Vivian Bearing: A Tragic Heroine that Triumph
Margaret Edison’s play Wit is about Vivian Bearing, a professor of seventeenth century poetry, specializing in John Donne. She is a strong willed intellectual being treated for ovarian cancer. Vivian lives a very secluded life and avoids human emotional contact. Just like any tragic hero, Vivian has flaws that prevent her from human kindness, which leads to her downfall. Her treatment of cancer causes her to realize that she needs emotional connection, which she has missed her whole life. Although her flaws are her intellect and wit that cause her an inability to connect emotionally with people around her, she becomes noble because she begins to express her emotions and accept kindness.
Vivian Bearing has lived an intellectual rather than emotional life. As a child, education was very important to her family. On her fifth birthday which she recalls as her best birthday she read a book (Edson 41). She would rather read a book than have a party, cake or even having friends over. Reading a book during her birthday is very ironic because she claims this to be her best birthday which is really unique, because this is horrible as any standard for a fifth birthday. Most five year olds want a party and cake. Vivian takes the book and she reads its spine intently. Reading a book attentively on her birthday proves Vivian’s obsession with learning and expanding her horizons. She is only interested in learning, not worried about connecting with people her own age or even her family. While she is reading her book, her father sits on his chair “disinterested but tolerant” (Edson 41). Since her father does not pay any attention to her, Vivian is emotionally detached from her father. She only knows education and learning. She never mentions receiving any affection as a child. This is the only time she mentions her childhood. One can only assume that because of this the character’s own remote personality reflects...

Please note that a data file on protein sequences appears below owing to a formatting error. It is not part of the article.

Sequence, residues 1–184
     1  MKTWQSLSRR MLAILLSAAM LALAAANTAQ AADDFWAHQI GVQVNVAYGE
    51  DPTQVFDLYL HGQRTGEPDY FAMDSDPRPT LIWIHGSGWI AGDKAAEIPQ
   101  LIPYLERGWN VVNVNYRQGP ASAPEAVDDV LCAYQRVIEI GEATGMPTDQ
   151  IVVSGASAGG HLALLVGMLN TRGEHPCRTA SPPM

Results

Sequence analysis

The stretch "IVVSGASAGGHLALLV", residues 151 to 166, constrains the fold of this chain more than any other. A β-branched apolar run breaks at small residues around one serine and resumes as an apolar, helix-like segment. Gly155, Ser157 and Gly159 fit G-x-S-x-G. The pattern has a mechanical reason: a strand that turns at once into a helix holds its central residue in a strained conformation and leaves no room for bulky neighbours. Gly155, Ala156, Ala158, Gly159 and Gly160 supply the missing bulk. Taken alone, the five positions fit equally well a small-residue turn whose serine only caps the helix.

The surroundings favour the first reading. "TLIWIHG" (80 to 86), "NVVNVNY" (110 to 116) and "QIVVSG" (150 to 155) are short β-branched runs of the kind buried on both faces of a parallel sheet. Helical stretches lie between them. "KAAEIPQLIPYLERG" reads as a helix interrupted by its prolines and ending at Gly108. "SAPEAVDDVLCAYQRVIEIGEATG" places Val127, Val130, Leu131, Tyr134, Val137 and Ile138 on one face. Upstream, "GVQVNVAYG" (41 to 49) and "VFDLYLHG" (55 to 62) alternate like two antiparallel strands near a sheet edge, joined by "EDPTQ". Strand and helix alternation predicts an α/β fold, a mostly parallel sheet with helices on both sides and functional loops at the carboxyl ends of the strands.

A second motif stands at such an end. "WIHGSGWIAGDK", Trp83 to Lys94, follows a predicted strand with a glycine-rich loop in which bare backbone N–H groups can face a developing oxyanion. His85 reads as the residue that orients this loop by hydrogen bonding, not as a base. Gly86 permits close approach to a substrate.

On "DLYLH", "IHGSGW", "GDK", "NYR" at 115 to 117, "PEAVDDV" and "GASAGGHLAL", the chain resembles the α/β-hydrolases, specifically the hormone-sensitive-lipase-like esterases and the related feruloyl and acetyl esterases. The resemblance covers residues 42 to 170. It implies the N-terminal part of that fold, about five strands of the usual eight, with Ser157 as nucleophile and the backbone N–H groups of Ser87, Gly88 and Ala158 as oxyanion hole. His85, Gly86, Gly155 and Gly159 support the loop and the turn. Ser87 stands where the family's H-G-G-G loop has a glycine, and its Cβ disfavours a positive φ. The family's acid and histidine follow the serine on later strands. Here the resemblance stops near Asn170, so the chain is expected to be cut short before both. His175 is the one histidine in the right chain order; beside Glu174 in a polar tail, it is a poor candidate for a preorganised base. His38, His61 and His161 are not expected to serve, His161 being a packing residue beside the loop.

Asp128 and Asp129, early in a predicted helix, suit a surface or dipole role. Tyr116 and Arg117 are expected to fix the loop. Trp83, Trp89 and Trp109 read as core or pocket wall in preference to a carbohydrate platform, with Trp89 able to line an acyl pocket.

Cited: Edson, Margaret. Wit. Oxford: Faber & Faber, 1999. Print.
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